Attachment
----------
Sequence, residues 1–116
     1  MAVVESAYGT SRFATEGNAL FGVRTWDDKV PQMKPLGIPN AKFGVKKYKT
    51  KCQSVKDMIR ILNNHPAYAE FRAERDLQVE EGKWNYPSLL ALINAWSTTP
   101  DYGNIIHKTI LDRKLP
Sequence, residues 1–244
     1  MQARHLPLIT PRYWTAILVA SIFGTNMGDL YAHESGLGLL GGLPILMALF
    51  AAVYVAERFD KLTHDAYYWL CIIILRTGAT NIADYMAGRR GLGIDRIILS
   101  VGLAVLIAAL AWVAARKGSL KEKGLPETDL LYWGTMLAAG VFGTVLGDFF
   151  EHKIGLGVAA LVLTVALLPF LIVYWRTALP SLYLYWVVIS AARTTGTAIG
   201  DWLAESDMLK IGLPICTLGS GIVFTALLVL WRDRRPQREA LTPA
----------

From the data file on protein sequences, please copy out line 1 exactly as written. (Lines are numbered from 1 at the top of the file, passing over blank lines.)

Sequence, residues 1–116